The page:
a doctor and patient looking at a graph of oxygen levels

Interpreting Oxygen Levels

Doctors will often monitor your oxygen levels. These can be monitored by using a pulse oximeter. You can monitor your own oxygen levels at home by purchasing your own pulse oximeter. Still, what is the best way of interpreting your oxygen levels? What do they mean? Here’s what to know.

What is partial pressure of arterial oxygen (PaO2)?

This is the most accurate oxygen level that we monitor. It’s how much oxygen is inside your arterial blood. A perfect reading would be 104. However, anything between 80-100 is considered acceptable. A PaO2 of 60-79 is considered mild hypoxemia. A PaO2 of 40-79 is considered moderate hypoxemia, and a PaO2 of less than 40 is considered severe hypoxemia.

Hypoxemia is a fancy term for a low arterial blood oxygen level. Most experts accept the PaO2 value of 60 as the baseline value we want to maintain. If COPD is causing a PaO2 of less than 60, supplemental oxygen is indicated. Usually, with COPD, all that is needed is a low flow of 2-3 LPM. This is usually all that is needed to maintain a PaO2 of 60 or better. If you want, you can read my article, "How To Qualify For Home Oxygen Therapy?"

There is only one way to learn what your PaO2 is. It is to draw blood from one of your arteries. The artery we usually draw it from is the radial artery. This is an artery that is near the surface on the thumb side of the back of your wrist. This test is called an Arterial Blood Gas (ABG). This is an invasive blood draw.

What is oxygen saturation (SpO2)?

SpO2 is another oxygen level. It’s the percentage of oxygen molecules you inhale that make it to your arterial blood. A perfectly normal value is 98%. However, anything greater than 90% is considered acceptable. For some people with COPD, doctors consider anything between 88-92% to be acceptable.

This value is determined using a pulse oximeter. It’s a small, hand-held device that you slip over a finger, toe, or earlobe. You can purchase these in stores. The ones you buy for your home are usually ones that slip over your finger.

These devices can be purchased for less than $30. You can get them from online stores like Amazon. I have seen them at stores like Aldi. The trick here is that you will want to make sure the one you buy is FDA approved. This will ensure that you are getting an accurate reading.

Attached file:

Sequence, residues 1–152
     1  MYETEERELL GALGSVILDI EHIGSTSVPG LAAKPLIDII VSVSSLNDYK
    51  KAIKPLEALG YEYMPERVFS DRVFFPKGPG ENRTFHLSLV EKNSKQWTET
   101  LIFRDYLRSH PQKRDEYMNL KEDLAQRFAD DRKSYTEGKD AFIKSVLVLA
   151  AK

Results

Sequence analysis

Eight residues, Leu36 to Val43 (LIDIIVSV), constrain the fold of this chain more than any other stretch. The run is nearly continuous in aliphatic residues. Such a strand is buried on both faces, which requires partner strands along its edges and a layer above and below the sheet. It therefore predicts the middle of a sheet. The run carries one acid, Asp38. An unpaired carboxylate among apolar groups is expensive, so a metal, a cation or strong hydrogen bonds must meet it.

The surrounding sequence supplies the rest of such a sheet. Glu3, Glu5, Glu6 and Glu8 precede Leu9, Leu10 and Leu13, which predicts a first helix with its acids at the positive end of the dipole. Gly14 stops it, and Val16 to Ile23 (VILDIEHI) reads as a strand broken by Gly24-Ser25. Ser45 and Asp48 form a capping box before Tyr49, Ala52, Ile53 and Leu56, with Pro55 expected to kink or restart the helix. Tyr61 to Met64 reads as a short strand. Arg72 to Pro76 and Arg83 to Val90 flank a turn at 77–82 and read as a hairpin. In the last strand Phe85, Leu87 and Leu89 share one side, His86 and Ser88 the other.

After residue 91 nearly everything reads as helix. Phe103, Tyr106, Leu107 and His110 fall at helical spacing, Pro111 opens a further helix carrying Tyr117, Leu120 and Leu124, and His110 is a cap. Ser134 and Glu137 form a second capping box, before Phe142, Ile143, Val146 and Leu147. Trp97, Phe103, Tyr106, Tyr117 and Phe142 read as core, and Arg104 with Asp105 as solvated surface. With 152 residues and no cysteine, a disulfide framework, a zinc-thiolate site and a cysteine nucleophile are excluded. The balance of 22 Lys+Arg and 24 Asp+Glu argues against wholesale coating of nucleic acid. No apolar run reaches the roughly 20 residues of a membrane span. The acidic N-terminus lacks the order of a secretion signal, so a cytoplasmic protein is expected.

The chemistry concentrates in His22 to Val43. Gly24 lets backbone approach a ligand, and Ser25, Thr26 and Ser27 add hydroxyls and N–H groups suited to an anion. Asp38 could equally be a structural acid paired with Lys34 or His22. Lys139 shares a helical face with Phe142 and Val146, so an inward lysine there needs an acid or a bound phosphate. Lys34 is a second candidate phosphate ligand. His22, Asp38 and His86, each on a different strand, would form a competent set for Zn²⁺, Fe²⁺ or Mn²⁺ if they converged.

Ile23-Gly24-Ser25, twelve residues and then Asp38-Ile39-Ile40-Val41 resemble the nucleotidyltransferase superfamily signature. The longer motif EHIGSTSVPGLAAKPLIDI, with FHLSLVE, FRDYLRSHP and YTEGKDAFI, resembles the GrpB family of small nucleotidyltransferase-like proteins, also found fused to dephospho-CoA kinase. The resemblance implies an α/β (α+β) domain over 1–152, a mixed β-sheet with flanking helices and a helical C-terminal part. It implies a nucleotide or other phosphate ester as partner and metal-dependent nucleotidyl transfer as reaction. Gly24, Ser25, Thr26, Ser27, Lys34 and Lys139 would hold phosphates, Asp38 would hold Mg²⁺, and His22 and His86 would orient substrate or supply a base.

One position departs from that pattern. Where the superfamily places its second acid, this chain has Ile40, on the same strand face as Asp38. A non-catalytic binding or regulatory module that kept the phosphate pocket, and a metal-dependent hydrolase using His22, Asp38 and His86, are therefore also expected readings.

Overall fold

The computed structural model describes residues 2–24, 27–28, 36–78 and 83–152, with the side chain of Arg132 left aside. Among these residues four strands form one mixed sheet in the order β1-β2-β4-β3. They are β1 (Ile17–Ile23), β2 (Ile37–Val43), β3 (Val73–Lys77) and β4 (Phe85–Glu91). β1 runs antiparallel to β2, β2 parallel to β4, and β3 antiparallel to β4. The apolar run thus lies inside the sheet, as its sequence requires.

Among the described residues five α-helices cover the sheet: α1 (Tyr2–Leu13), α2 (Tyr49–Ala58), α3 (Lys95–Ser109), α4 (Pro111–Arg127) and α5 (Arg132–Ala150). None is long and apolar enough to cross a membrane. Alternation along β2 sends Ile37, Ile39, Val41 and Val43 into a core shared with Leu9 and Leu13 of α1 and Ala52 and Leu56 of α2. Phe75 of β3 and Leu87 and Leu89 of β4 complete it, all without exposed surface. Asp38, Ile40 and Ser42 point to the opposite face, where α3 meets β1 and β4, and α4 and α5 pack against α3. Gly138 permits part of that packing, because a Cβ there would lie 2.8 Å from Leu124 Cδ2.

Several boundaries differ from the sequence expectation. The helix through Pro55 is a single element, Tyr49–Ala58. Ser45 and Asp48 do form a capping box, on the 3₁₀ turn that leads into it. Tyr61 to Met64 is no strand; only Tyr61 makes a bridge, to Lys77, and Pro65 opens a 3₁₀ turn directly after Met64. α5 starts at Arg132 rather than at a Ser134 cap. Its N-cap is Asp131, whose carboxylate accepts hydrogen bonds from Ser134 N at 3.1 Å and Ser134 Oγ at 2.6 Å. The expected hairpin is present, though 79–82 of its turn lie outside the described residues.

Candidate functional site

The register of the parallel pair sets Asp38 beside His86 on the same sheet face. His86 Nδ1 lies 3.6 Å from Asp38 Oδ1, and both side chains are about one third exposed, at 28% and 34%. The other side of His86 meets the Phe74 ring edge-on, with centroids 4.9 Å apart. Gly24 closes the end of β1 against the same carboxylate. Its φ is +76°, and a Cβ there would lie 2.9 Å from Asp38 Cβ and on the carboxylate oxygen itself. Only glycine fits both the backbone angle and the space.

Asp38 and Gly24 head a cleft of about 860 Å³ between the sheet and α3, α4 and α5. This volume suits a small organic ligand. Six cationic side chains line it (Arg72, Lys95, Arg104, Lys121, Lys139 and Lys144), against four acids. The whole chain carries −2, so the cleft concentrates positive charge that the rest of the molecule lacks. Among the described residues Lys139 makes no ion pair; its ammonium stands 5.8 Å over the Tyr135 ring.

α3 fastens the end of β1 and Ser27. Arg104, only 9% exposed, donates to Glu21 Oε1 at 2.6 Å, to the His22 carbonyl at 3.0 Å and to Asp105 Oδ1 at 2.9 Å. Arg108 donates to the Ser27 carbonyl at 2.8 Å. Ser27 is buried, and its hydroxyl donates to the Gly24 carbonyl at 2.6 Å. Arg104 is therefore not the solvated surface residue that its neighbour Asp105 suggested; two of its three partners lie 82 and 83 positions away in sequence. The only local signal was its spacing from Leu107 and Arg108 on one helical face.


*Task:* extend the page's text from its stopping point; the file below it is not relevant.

How are pulse oximeters helpful?

Pulse oximeters are helpful because they offer a simple, noninvasive way of determining your oxygen level. But your SpO2 level can also help determine your PaO2. This is by means of the 4-5-6-7-8-9 Rule.

It goes like this.

  • 40 PaO2 equals an SpO2 of 70%
  • 50 PaO2 equals an SpO2 of 80%
  • 60 PaO2 equals an Spo2 of 90%

Basically, you take your SpO2 value minus 30. This gives an "estimate" of where your PaO2 stands. By doing my own experiments, I have determined this "estimated" PaO2 to be pretty accurate.

So, if your pulse oximeter gives you a reading of 90%, this means that your estimated PaO2 is 60. That’s right about where we want it. This is why the hospital I work for has a policy of maintaining a SpO2 of 90%. There are some exceptions that we can discuss in a future post if you want.

A helpful tool

Pulse oximeters are nice. They allow you and doctors to monitor your oxygen level at pretty much any time and place. It’s simple, painless, and accurate as long as you have a pulse oximeter that is FDA approved. You should talk to your doctor about determining what SpO2 level is best for you. For most people, it’s 90% or better. However, with some people with COPD, 88% is acceptable too. To learn what oxygen levels are best for you, talk to your COPD doctor.

By providing your email address, you are agreeing to our privacy policy. We never sell or share your email address.

More on this topic

This article represents the opinions, thoughts, and experiences of the author; none of this content has been paid for by any advertiser. The COPD.net team does not recommend or endorse any products or treatments discussed herein. Learn more about how we maintain editorial integrity here.

Join the conversation

or create an account to comment.